Is New Jersey a potential center of the offshore wind sector? Why not ask top officials of the Murphy administration?
“If someone is going to be the capital of offshore wind, we sure want it to be New Jersey,’’ said Tim Sullivan, CEO of the New Jersey Economic Development Authority at an event yesterday touting offshore wind’s economic benefits to the state at Princeton University.
The Murphy administration is banking on making it happen. It has adopted the most aggressive offshore wind goals in the nation, hoping to develop 3,500 megawatts of wind capacity off the Jersey coast by 2030, a target whose costs will be mostly footed by utility customers.
The state also is developing a new offshore-wind tax credit through the EDA, in a program geared to handing out up to $100 million in tax credits to offshore wind developers who each guarantee creating 300 new full-time jobs.
With ample wind resources off the Jersey coast, at least four developers are expected to bid to build grid-scale offshore wind farms by the end of the year in a solicitation being offered by the New Jersey Board of Public Utilities for up to 1,100 MW of capacity. It will be followed by additional solicitations of 1,200 MW in 2020 and 2022.
The ambitious targets have spurred widespread interest among offshore wind developers; they view it as a way of creating a steady pipeline of projects that will eventually result in a reliable supply chain to make the industry grow and in a more cost-effective way for the people who will pay for the power.
“Offshore wind presents a once-in-a-generation opportunity for new industry development in the state,’’ Sullivan told advocates, industry experts and others at the event, which was sponsored by the Business Network of Offshore Wind.
For the most part, participants in the day-long event shied away from talking about the costs of fulfilling the state’s goals. Offshore wind is much more expensive than wind produced on land in states like Texas, Iowa, and other places in the Midwest. Ratepayers will subsidize the offshore wind farms at a time when costs are rising to make the power grid more resilient, and more reliant on more expensive clean-energy technologies, such as solar.
But New Jersey Board of Public Utilities president Joseph Fiordaliso argued that, beyond the obvious clean-energy benefits, the scale of the solicitation is designed to attract the offshore wind supply chain to New Jersey and create new jobs and economic activity while reducing greenhouse gas emissions.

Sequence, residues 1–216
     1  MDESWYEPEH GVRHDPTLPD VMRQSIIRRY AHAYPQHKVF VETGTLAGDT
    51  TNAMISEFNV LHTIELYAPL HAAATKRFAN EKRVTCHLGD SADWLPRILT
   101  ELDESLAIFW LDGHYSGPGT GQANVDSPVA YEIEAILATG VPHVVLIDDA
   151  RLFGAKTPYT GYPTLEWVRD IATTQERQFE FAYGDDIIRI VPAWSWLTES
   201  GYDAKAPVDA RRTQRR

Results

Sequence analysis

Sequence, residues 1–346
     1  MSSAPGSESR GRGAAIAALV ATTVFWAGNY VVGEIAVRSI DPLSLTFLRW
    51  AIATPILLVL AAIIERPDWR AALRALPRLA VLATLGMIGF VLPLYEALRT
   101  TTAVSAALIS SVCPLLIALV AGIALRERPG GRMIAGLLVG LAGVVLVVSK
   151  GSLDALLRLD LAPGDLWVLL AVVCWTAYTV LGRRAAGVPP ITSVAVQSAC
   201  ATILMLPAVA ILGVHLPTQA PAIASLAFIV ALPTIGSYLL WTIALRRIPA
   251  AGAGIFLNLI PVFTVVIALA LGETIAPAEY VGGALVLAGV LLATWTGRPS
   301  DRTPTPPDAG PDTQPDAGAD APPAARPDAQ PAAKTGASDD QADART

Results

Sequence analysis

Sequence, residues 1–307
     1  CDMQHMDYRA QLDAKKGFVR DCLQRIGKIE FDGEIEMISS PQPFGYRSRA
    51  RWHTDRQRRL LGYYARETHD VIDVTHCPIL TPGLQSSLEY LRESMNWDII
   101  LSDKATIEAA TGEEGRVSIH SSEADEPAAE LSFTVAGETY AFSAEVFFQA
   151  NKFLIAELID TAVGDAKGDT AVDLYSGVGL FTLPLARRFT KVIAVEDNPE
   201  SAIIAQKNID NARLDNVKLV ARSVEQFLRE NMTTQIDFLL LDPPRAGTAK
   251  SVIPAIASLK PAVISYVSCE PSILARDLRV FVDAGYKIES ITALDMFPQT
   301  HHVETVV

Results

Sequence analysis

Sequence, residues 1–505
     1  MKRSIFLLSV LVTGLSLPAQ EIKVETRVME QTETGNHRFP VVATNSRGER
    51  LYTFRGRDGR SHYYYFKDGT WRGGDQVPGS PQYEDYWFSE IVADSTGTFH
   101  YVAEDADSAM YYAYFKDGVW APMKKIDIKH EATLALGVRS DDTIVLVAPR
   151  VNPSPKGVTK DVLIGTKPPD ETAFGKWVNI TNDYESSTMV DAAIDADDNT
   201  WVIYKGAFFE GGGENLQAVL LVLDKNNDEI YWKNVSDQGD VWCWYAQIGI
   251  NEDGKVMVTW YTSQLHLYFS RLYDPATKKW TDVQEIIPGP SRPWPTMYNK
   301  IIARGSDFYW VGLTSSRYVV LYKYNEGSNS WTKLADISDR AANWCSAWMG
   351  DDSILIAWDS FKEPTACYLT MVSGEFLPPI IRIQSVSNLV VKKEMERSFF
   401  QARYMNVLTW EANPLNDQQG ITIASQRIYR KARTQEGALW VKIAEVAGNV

Those jobs will include engineers and consultants, but also many subcontractors hired by developers to do technical work on the offshore wind farms, but many others, too — welders, tug boat operators, and helicopter pilots to ferry technicians out to the turbines to work on operation and maintenance.
It also presents opportunities for New Jersey-based suppliers, according to Bill Wall, project director of LS Cable of Fort Lee, which installs underground cable lines delivering power to customers. By hiring state-based suppliers, offshore wind developers will have a better chance of meeting the net economic benefit for the state to approved any offshore wind project, he said.
Much of the economic activity generated by offshore wind will be focused around the ports that will be used to service the wind farms and assemble parts associated with those operations.
Because of the huge scale of the wind farms, the state may need to invest huge dollars in upgrading existing ports to handle the assembly and shipping of turbines and other equipment, panelists said.
Julie Bovey, representing Equinor, a developer seeking to build offshore wind farms off Long Island and Asbury Park, said one port they looked at using for their project needed $350 million in upgrades; another, $100 million.
Others argued there may be a need to do further dredging around areas expected to be “marshalling’’ stations where components would be assembled for the offshore wind farms.